The COVID-19 pandemic has impacted on work across the economy. Many workers, particularly those in frontline roles continued to attend work but had to adjust to new ways of working to remain safe throughout the pandemic. Others worked wholly or partly from home for much of the pandemic.
Homeworking has provided opportunities for increased flexibility and fairer work practices for some workers but for others it has meant juggling caring responsibilities and/or working in cramped or unsuitable workspaces. For many, homeworking has also increased work pressures or working hours and has made it increasingly difficult to disconnect from work.
In a recent CIPD/Simplyhealth Health and Wellbeing at Work survey, findings suggest that many organisations haven’t been taking effective action to combat the risks of an ‘always on’ culture during the pandemic. Boundaries between work and home life have become increasingly blurred for many, making it difficult for people to switch off.
The Fair Work Convention urges employers to address issues of unhealthy working habits that lead to a long hours culture. As restrictions ease, many employers are considering hybrid working with the aim of balancing the benefits of home and office working, and 33% of businesses in Scotland expect a permanent shift to greater homeworking in the future. In this context, it is important to assess clearly the benefits and flexibility of hybrid working alongside any potential risks to wellbeing. Reasonable expectations and boundaries to support effective hybrid and flexible working practices while maintaining wellbeing need to be agreed.
Pressures to work longer hours and expectations to answer work calls, emails and other communications from managers and colleagues outside of normal working hours can increase with more flexible work patterns and remote working. Employers must recognise and address these issues with unions and their workforce, identifying work pressures, assessing individual and team workloads to make sure they are reasonable and setting clear expectations around working hours, rest periods and etiquette around email and other communications. For those working remotely, this will help protect a worker’s right to disconnect from work and help preserve work-life balance and wellbeing.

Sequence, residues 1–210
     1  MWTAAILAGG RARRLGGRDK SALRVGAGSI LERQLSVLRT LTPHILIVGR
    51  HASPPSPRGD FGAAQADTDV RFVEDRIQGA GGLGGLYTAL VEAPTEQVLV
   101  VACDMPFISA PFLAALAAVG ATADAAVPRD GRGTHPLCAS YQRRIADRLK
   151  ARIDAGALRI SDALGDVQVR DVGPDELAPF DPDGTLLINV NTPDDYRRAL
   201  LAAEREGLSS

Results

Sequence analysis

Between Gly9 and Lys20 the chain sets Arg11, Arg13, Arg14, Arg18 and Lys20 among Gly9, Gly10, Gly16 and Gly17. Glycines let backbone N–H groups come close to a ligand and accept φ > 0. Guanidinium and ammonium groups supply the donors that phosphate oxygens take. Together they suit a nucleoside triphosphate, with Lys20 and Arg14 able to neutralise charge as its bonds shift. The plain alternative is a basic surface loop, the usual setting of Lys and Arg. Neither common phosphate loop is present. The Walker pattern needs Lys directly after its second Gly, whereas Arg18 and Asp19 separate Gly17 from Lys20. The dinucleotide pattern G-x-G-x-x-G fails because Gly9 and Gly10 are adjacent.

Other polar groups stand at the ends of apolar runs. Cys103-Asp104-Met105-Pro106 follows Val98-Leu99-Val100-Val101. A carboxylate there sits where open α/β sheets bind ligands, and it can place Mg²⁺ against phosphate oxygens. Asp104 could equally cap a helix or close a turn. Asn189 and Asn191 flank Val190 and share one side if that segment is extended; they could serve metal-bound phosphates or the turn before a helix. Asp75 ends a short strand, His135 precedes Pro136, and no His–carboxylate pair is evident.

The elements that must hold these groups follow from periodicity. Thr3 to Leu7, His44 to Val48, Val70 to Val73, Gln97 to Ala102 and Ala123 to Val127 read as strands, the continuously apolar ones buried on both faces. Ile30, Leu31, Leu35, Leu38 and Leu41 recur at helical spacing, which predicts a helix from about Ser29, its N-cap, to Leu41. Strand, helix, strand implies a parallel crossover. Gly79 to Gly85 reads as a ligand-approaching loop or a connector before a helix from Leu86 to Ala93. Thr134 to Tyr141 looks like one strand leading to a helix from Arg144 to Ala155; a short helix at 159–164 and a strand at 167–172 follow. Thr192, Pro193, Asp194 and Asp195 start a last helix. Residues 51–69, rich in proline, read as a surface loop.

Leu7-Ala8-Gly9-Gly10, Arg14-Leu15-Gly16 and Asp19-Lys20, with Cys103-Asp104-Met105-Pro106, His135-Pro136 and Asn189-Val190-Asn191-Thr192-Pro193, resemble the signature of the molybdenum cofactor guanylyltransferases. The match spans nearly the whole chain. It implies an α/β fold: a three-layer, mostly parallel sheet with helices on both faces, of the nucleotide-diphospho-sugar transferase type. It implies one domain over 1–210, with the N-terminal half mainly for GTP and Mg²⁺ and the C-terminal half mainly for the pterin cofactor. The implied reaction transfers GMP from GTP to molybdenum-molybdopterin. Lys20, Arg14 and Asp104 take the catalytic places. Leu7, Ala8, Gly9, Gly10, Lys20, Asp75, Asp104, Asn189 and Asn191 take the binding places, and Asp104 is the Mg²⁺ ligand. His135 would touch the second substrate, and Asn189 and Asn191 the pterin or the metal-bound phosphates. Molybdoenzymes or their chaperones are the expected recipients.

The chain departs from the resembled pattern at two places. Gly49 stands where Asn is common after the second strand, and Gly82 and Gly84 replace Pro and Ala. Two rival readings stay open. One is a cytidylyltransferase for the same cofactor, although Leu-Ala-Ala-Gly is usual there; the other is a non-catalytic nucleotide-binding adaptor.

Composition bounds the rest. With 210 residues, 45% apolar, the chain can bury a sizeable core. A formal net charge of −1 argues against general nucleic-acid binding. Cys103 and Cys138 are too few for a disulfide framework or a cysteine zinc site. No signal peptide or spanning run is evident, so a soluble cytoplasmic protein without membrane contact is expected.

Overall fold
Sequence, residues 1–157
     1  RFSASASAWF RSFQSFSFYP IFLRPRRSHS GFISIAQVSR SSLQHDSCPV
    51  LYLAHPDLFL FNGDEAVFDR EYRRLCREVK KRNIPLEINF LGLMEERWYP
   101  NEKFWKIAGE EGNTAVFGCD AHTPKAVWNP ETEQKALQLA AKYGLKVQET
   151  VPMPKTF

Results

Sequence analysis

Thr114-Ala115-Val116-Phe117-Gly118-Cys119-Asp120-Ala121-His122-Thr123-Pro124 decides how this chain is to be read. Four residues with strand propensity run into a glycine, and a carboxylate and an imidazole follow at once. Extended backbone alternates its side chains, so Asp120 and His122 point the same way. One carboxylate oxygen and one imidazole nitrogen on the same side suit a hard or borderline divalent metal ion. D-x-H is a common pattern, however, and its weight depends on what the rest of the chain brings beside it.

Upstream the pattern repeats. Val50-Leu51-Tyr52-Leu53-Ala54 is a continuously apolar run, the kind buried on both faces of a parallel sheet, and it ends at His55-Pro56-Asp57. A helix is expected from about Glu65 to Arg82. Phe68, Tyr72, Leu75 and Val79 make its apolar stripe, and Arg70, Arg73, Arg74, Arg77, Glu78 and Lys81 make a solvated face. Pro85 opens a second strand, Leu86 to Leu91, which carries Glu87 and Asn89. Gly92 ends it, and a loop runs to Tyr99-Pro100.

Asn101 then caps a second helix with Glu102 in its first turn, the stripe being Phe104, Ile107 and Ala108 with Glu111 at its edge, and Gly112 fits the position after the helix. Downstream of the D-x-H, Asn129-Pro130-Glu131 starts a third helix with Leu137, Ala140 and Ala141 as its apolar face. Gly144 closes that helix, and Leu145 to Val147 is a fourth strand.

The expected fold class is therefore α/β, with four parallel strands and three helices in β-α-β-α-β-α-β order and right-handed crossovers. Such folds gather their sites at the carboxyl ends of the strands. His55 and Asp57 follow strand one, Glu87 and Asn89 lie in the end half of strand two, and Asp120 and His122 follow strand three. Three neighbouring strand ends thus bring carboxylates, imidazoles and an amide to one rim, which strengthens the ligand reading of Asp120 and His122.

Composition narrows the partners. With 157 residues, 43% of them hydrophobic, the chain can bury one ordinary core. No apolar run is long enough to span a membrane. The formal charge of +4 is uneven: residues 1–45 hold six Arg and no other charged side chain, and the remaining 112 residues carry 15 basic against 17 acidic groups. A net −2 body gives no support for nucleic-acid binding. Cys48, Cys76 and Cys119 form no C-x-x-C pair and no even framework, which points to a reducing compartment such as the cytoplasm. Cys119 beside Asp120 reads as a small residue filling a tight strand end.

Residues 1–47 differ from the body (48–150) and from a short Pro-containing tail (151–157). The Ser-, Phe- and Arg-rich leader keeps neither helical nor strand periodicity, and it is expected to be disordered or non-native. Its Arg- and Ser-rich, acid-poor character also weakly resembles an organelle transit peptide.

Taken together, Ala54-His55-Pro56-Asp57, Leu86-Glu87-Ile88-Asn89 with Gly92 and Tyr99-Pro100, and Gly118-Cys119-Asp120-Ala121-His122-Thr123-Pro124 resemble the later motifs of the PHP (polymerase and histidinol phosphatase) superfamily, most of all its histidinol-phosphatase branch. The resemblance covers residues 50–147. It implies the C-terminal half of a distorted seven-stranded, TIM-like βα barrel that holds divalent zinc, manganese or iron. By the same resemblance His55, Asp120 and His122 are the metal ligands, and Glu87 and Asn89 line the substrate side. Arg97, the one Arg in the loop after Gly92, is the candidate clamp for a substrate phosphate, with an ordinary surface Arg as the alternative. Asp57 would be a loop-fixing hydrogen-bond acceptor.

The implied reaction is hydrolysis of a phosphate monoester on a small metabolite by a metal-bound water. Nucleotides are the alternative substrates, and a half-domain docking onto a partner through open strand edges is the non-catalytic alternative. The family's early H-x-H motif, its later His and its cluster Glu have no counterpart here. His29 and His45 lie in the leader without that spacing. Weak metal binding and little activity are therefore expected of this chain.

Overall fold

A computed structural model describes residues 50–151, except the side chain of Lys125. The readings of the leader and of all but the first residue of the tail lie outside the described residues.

In practice, combining the right to disconnect with the freedom to work flexibly and remotely may not be straightforward, especially if this means having different working patterns to colleagues. We encourage employers to work with unions and their workforce to develop protections against ‘always on’ working, delivering solutions through the fair work principles of effective voice and respect.
Effective voice is crucial to identifying, assessing and addressing the challenges of restart and recovery facing both employers and workers. Communication and real dialogue at workplace level, fully involving workers and unions, can be an enormous asset in situations that are new or unpredictable and that require flexible responses.
Respect for personal well-being is fundamentally important during this recovery as we venture back into the workplace. While employers face tensions between the impact of restrictions and business performance, employers’ statutory duties in relation to the health and safety of their workers should not waver – work must be safe and ensuring physical and mental health and well-being must be an over-riding consideration of all employers. Failing to respect workers’ rights to disconnect will reduce well-being, and may particularly disadvantage those workers with protected characteristics (such as women with caring responsibilities and disabled workers). Respecting the right of all employees not to routinely perform work outside of their normal working hours and allowing all workers the right to disconnect while remote working will help protect workers’ health and wellbeing and avoid exacerbating existing inequalities.